The aim of this study was to examine the extent of wishes for and realised choices of alternative and conventional birth care in Finland based on survey and registry data.
A population-based national survey to 3000 women of reproductive age and 400 men aged 18-24 and 40-44 in Finland and a cross-sectional analysis of all childbirths in 1990 1995 based on the National Medical Birth Registry (n=390, 943).
In the survey 69% of women and 66% of men chose conventional hospital birth as their preferred alternative. An early discharge birth was chosen by 14% of women and 18% of men and home birth by 6% of women and 3% of men. Childless respondents were more likely than parents to choose an alternative other than conventional hospital birth, yet 16% of mothers and 14% of fathers would choose either home birth or early discharge from hospital in a future birth. The expressed interest in alternatives to conventional hospital care was far greater than what occurs in reality: in the MBR data 99% of births were conventional hospital births, 0.01% were planned homebirths and 0.9 % early discharge births.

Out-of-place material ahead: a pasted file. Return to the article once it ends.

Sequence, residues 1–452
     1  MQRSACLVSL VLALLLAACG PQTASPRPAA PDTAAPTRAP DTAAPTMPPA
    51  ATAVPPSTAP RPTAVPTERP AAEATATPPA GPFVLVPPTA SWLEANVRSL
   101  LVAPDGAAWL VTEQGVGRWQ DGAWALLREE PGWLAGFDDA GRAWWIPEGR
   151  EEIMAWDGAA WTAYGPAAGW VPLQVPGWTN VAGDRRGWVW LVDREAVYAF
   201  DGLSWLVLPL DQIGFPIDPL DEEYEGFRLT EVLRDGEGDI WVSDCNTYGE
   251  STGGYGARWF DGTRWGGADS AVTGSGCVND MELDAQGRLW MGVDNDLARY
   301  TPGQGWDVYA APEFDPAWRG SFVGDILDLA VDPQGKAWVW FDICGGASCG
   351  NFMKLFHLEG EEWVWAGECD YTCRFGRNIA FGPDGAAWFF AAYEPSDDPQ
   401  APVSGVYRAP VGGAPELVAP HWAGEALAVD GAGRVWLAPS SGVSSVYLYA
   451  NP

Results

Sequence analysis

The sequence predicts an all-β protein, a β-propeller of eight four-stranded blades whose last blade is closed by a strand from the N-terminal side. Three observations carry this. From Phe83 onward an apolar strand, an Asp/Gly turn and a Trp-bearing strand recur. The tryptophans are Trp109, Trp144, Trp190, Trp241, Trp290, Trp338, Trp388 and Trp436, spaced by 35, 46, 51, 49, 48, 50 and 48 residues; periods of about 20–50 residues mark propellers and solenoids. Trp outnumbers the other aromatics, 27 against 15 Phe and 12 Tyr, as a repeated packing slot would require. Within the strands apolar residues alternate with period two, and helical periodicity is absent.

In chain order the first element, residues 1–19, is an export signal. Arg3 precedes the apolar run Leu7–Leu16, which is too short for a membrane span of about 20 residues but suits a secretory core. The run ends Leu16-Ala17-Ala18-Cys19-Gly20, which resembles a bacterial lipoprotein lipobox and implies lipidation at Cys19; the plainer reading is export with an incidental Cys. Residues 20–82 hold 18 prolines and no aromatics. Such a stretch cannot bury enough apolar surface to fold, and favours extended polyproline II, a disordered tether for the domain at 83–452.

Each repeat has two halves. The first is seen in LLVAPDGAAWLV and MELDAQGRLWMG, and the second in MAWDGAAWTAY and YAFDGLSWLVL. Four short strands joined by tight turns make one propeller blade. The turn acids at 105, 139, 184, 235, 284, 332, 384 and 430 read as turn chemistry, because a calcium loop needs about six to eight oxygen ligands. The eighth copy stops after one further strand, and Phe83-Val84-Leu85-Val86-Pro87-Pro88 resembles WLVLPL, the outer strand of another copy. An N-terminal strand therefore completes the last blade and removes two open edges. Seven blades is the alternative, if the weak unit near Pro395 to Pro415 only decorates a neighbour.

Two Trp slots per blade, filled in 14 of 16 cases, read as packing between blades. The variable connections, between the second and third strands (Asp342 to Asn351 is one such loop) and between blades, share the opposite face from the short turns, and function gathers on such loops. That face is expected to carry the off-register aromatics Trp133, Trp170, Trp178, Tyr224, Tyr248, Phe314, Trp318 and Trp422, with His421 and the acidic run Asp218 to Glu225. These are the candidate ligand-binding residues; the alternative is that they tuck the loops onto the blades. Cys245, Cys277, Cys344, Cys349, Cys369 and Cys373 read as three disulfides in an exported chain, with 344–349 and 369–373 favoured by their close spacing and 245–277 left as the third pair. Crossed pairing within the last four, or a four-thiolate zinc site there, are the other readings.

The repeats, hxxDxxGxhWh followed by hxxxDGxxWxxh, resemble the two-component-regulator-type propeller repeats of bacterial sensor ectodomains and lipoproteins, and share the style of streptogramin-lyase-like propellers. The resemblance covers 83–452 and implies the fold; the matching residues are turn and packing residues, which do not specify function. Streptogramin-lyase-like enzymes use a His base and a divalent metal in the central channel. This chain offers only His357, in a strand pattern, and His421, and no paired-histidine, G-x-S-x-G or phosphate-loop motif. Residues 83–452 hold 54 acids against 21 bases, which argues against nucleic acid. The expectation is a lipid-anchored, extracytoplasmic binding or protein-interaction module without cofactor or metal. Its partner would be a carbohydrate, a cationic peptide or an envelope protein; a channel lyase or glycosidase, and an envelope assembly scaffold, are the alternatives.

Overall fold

The study shows a discrepancy between expressed interests and actually realised choices of birth settings. The majority of female and male survey respondents would choose conventional hospital care for birth. However, the fact that even some women who had earlier birth experience preferred some form of alternative to the conventional hospital birth should be taken as a sign of women wanting choices in birth care.